If you're a parent, I think you should talk to your kids about sex, realistically and honestly, as soon as they're old enough to understand (here's a great book to read together, as my four- and six-year-old daughters will tell you). Here's why:
Abstinence campaigns [...] do delay sexual activity, but [those kids who pledge abstinence are] around one-third less likely to use contraceptives, as they are not "prepared for an experience that they have promised to forgo". The result [...] is that abstinence programmes are "associated with an increase in the number of pregnancies among partners of young male participants". You read that right: abstinence training increases the rate of teenage pregnancy.
Promoting sexual abstinence until adulthood (or until marriage) has never been very realistic—even when people regularly got married in their teens. For many kids it results in ignorance, either because:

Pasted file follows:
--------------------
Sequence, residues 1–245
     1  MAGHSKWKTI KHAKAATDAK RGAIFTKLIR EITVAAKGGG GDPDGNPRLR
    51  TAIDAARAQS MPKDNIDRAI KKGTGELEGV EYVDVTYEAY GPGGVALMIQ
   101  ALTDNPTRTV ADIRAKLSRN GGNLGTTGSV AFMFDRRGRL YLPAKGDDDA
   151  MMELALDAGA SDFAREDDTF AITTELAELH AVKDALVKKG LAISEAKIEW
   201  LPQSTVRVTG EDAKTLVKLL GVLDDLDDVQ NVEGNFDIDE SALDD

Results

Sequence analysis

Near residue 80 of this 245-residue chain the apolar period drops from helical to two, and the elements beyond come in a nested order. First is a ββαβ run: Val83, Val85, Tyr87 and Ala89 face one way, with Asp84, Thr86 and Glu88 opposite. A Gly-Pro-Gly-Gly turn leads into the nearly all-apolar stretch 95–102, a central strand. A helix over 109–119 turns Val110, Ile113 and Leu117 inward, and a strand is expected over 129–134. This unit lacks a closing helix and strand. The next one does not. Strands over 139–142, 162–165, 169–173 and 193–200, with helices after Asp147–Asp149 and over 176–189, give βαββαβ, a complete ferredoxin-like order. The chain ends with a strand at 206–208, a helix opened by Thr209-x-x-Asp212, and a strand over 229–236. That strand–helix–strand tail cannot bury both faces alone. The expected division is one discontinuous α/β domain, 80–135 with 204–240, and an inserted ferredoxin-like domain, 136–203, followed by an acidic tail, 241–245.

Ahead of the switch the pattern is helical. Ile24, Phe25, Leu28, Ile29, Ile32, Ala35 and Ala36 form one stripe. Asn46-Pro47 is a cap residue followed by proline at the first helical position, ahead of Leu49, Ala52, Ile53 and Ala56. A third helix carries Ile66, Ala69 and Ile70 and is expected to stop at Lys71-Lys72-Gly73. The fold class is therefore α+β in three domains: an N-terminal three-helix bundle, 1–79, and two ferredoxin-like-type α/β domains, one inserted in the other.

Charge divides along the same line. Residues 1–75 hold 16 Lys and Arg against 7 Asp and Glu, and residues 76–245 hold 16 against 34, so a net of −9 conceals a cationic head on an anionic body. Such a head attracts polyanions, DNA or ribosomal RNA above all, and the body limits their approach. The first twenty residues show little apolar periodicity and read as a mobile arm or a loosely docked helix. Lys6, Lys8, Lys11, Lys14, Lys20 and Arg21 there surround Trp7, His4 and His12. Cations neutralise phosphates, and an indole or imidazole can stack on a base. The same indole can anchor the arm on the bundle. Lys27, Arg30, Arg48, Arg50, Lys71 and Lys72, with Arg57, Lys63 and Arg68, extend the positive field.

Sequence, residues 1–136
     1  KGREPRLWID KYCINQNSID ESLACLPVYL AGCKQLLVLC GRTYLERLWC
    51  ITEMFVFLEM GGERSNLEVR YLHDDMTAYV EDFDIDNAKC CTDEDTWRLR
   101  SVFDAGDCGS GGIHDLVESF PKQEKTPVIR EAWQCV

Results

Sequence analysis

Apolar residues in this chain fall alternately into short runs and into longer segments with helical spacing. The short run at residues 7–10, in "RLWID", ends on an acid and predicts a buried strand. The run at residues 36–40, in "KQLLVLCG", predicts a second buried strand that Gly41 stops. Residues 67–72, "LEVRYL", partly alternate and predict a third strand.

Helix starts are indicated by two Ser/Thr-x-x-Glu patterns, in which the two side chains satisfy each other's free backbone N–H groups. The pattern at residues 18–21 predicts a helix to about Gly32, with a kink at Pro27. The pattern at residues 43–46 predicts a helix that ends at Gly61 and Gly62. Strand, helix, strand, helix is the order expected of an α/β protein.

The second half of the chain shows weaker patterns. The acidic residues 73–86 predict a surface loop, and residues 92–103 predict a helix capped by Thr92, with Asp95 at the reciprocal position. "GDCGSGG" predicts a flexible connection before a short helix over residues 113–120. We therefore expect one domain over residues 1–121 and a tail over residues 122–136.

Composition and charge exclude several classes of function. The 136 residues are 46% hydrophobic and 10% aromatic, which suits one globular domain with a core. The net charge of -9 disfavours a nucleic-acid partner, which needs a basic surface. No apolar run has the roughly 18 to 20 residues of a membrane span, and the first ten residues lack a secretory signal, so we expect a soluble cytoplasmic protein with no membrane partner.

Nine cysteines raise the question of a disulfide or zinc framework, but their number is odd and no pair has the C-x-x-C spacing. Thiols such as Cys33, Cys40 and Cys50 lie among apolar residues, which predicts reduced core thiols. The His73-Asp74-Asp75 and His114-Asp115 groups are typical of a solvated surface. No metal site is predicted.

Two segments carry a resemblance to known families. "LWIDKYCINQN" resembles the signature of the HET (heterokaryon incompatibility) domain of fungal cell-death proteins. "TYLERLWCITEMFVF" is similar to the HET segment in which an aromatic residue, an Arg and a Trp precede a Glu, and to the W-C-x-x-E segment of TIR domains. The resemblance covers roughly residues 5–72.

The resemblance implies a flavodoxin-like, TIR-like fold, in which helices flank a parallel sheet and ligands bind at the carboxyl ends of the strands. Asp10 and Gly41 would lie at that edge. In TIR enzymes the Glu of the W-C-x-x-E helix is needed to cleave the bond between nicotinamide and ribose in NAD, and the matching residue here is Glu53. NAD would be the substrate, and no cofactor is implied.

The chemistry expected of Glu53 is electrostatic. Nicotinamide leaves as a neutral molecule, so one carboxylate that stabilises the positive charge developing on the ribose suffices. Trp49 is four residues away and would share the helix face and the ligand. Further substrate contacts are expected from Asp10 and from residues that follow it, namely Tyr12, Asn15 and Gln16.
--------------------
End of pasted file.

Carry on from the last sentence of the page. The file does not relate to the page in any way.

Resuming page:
- Parents think children who say they won't be sexually active don't need any details about sex, or
- The "will this be on the exam?" syndrome means that kids who don't plan to be sexually active for a long time don't pay attention to what they need to know.
Sex educators argue that the more kids know about sex, the later they're likely to start having it, and the smarter they'll be about it when they do. I agree, but others don't—yet it seems even the most equivocal studies indicate that sex education doesn't make early or risky sex any more likely.
Knowledge is indeed power; ignorance is weakness. One nurse told Maclean's magazine:
"My goal is for all students, from junior high on up, to have access to [sex ed information]." Her motivation? "Have you ever listened to a conversation in a school washroom?"
Given that sex education doesn't increase kids' chances of doing something sexually stupid, and could very well help prevent it, I think giving kids power over their own bodies—and what they do with them—is a wise thing to do.